Two days later, I was sick in bed. I tested negative for COVID, but was laid up for days. The nights were the worst as I woke up coughing constantly and couldn’t sleep. I tried moving to the basement so I wouldn’t wake up everyone else. We’ve been short on nursing, so it was a lot on Tony to manage. I tried to medicate myself enough to get some school done, get an online grocery order placed and picked up, and otherwise help out in ways that didn’t require me to interact with Fulton and Teddy too much. I had to reschedule approximately 3,429 appointments. Byron finished up his classes for the year and is now a high school graduate! He did great with his community college classes with a B in Biology and A in Public Speaking this spring; both credits will hopefully transfer to Kutztown.
On Friday, I drove to Cleveland to pick up Addie from college. I wasn’t feeling great, but driving alone for 8 hours seemed easier than staying home and trying to run the house and care for everyone. Addie and I spent a couple hours together before I went to bed. We were up early and packed up the van by 10 a.m. It was an uneventful drive home but upon arriving at the house I learned that Fulton’s drippy nose had become a full on cold with a wet cough, and elevated heart rate. He and I both tested negative for COVID that night, and we started him on our usual every four hour breathing treatment schedule.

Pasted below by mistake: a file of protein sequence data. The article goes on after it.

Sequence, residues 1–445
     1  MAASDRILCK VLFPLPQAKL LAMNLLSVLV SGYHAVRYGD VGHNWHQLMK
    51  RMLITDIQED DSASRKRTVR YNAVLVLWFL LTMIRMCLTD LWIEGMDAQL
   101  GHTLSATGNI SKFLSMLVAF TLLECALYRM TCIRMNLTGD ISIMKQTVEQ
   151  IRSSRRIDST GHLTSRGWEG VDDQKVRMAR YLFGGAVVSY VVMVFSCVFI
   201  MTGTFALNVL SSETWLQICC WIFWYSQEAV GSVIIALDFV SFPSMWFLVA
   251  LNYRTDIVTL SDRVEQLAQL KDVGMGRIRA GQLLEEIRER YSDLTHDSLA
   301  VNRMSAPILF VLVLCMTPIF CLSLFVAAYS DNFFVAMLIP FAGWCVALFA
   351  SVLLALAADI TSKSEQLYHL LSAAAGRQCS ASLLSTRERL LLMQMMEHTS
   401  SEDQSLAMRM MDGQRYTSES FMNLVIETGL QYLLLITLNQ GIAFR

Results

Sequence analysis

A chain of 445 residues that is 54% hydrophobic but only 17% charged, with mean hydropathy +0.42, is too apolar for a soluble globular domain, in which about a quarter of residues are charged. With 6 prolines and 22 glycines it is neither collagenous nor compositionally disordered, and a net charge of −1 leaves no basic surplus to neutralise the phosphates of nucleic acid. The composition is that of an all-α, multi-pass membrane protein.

That brings us back to where this post started. Also going on in the background is planning for an upcoming baby shower, Byron recovering from getting his wisdom teeth removed on Monday, and trying to get our old house ready to rent again after our tenants managed to leave it in a bigger mess than I thought possible for four adults who only lived there for three years. And Edie got a boat. I also got those Accepting the Gift projects done –check them out!
Thank you for all your prayers everyone. I will try to give more updates on Fulton via social media, and in future posts. Please pray especially that Teddy does not get sick as we don’t want to wind up right back here at CHOP once Fulton is discharged.